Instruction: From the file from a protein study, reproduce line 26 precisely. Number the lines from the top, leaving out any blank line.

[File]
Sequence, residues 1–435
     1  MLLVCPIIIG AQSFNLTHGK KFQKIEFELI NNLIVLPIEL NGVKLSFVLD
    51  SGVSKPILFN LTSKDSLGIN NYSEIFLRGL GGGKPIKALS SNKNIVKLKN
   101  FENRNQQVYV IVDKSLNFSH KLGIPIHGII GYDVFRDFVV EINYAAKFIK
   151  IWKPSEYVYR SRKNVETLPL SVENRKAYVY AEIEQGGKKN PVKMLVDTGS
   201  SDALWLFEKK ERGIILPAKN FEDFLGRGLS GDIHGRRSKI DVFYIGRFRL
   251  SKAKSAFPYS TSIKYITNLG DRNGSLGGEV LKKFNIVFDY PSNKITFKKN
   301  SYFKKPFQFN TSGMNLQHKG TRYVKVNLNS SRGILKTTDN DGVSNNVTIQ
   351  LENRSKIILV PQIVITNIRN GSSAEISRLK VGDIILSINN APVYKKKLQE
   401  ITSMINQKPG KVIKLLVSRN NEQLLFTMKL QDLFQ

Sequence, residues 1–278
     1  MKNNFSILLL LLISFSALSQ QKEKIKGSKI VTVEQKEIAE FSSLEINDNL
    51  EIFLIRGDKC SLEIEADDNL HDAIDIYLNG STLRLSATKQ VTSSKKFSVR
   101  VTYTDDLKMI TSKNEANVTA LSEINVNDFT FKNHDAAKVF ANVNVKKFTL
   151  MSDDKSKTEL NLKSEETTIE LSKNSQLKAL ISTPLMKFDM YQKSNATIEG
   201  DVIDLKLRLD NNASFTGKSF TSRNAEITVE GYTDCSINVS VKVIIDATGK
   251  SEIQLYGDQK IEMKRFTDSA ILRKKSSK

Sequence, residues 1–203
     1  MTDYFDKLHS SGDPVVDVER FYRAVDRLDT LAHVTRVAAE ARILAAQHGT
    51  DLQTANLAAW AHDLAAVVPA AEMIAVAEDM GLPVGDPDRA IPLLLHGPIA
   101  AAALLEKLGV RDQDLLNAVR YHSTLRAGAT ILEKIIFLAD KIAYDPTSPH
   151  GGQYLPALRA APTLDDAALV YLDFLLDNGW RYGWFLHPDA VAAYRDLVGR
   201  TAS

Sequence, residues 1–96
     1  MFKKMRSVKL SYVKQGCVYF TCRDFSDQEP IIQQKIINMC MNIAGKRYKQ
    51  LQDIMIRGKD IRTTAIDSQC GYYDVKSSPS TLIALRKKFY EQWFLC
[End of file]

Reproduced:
    51  LQDIMIRGKD IRTTAIDSQC GYYDVKSSPS TLIALRKKFY EQWFLC